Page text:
Her Bathing Suit: 1895

 

HER BATHING SUIT.

“And is there anything I can do for you, Cynthia?” She hesitated a moment, and then answered: “Yes, there is, Colville, if you don’t mind.”

“My darling, I shall be delighted.”

He tried to speak as if he meant what he said, but it required an effort. Cynthia was not only a dear, good girl, but he was engaged to her. According to the novels, he should have flung himself at her feet when she preferred [sic] her request, and vowed to go through fire and water to accomplish her most trifling wish. But Colville was an ordinary, everyday individual, and the prospect of executing a number of awkward and silly commissions and of lugging a lot of parcels from London to Folkestone didn’t appeal to him. He was compelled to ask the question, however, hoping that Cynthia would give a negative reply. To his disappointment she did precisely the opposite.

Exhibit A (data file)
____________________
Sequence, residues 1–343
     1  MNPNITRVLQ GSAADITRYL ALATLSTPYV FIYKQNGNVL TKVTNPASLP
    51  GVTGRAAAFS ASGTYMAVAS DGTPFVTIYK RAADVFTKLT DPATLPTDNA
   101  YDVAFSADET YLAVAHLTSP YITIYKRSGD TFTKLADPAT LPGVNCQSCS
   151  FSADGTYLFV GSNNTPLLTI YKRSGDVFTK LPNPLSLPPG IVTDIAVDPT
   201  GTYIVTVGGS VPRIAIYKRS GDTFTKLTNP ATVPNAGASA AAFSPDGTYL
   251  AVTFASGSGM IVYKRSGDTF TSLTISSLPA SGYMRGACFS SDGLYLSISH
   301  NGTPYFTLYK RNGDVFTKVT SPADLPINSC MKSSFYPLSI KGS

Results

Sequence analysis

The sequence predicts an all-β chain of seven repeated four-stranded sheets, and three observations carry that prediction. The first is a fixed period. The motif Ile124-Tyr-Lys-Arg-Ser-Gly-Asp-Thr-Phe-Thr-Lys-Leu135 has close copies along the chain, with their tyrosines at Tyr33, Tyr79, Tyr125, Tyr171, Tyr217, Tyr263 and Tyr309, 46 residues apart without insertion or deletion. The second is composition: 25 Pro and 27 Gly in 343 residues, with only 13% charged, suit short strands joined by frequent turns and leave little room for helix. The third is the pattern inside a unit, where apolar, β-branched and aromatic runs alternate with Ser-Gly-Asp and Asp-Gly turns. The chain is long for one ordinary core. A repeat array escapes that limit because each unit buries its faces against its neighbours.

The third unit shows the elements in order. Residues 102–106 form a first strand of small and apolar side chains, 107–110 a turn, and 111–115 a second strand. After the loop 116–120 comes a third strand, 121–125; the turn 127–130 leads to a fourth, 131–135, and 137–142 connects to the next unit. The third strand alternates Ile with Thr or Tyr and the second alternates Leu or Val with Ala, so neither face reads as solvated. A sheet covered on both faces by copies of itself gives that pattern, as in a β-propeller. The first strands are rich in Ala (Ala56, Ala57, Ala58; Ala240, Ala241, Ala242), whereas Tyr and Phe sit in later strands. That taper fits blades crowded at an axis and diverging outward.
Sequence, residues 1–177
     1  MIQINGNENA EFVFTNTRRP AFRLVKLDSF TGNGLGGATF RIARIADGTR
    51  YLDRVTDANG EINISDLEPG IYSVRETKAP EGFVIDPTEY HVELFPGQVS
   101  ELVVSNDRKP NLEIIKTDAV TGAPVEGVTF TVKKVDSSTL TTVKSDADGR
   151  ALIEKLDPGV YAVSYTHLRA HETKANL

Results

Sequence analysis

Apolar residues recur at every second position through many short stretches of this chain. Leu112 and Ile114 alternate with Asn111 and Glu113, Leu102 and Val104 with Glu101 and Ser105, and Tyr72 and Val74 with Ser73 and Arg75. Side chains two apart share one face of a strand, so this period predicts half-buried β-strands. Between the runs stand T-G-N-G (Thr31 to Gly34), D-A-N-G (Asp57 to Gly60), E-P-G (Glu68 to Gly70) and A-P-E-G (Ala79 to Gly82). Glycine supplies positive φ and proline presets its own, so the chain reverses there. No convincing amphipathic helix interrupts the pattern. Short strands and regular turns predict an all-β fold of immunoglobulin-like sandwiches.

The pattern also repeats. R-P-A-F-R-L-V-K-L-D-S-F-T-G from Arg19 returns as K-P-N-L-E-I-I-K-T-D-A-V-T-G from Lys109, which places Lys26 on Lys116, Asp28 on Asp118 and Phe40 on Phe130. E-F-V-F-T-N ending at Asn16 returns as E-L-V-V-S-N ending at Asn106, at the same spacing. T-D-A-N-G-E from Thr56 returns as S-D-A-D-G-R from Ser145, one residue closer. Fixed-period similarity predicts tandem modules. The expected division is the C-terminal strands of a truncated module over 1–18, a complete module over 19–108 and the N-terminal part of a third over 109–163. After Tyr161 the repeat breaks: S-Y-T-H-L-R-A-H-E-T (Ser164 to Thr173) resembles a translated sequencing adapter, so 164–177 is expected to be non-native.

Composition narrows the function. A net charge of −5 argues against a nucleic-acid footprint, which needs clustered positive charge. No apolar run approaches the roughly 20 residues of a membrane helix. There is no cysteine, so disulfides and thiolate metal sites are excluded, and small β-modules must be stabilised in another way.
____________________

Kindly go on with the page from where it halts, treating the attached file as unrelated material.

“The jewelers?” he suggested, hopefully.

Cynthia shook her head.

“I want you to go to Mme. Rossi in Bond street, you know.”

“Yes, dear,” he muttered, faintly, picturing to himself a box of gigantic and ungainly proportions done up in brown paper.

“There’s a little—”she emphasized the last word, and Colville gave vent to a sigh of relief “parcel for me, dear. Would you like to know what it is? Of course, if we were not engaged, dear, I shouldn’t think of telling you; but now, of course, it doesn’t matter. It’s a new bathing dress—there!”

“How jolly,” said Colville, faintly.